Those who championed the campaign to pull Britain from the EU have condemned the attacks.

"I've never, ever, ever encouraged or condoned behavior like that, and I never, ever would," said United Kingdom Independence Party head Nigel Farage, a leader in the campaign for a British exit from the EU, popularly known as Brexit.

He added that "the real prejudice is the prejudice that's been there for a decade or more against anybody that dares stand up against the establishment, anybody that dares to say that we shouldn't be part of the EU."

Other politicians didn't buy it.

"The leaders of the Brexit campaign have engendered an atmosphere where some people believe it is open season now for racism and xenophobia," said lawmaker Harriet Harman, a former leader of the opposition Labour Party.

For the victims, the link between the referendum and the abuse is clear. Immigration was a key issue in the campaign, with Farage posing in front of a massive, truck-drawn poster carrying a photograph of hundreds of swarthy migrants under the words "Breaking Point." Many "leave" voters cited the influx of foreigners as a top concern.

"Just because of one referendum ... it's coming out like woodworms," said Julie Sauter Daoud, a French-German national who has lived in Britain most of her life. On Sunday, she said two men overtook her car shouting, "Go home, you (expletive) German."

She said the verbal attack, which happened while she was driving on a residential street in the northern city of Sheffield, left her so shaken that she was scared to speak French to her youngest child at the supermarket.

"It's terribly sickening," she said in a telephone interview. "The first time ever in my life. Ever." She paused for a second. "Probably not the last time now."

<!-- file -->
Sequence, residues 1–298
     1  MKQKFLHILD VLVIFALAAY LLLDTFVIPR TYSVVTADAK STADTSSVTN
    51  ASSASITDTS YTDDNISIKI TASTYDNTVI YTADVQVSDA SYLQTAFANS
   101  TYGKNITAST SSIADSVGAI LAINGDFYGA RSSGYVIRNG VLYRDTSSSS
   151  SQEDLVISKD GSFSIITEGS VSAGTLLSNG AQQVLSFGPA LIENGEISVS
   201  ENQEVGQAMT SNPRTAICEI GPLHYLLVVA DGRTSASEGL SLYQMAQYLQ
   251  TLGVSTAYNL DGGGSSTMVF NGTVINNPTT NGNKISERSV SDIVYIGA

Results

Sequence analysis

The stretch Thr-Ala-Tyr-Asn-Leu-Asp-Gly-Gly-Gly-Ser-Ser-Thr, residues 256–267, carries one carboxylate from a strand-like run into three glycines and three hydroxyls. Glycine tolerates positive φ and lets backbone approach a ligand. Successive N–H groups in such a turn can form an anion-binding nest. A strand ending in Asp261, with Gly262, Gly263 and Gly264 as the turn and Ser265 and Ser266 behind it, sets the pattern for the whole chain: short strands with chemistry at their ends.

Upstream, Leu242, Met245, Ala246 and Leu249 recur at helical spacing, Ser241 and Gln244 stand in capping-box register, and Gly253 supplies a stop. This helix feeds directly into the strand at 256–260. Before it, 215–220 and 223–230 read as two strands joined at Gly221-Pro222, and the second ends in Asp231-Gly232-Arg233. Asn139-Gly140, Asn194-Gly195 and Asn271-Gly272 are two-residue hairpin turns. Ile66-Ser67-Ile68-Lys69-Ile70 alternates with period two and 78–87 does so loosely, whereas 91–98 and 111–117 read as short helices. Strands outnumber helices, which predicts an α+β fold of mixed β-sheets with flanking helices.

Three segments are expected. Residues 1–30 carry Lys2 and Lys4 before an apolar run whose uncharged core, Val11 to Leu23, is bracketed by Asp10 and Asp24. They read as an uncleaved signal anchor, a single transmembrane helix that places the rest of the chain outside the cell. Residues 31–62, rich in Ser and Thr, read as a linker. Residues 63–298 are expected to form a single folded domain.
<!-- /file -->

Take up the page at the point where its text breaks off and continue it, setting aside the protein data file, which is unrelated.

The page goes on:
The 44-year-old's story is one of hundreds on a Facebook group called "Worrying Signs," which is gathering examples of the recent surge in intolerance. By Tuesday, the site contained stories and photos of sinister graffiti and broken windows. Although the AP could not independently confirm the stories, it did speak with several of those behind them.

Polish-British national Natalia Nicholls told AP her 14-year-old sister was taunted by boys at her high school in the Cotswolds region of England who boasted that "now we can get rid of the Polish and the blacks." Corinne Abrahams, 24, said she was returning from a music festival when she nearly got into a fight with an inebriated man yelling anti-foreigner epithets on the London subway. An American said she was recently accosted by people calling her a "Yankee (expletive)" in a parking lot.

Prime Minister David Cameron, in his first appearance before lawmakers since the vote, sought to reassure Europeans and other ethnic minorities living in Britain that they would be protected."

"Let's remember these people have come here and made a wonderful contribution to our country," he said. "We will not stand for hate crime or these kinds of attacks. They must be stamped out."

___

Associated Press writers Paisley Dodds and Jonathan Shenfield in London contributed to this report.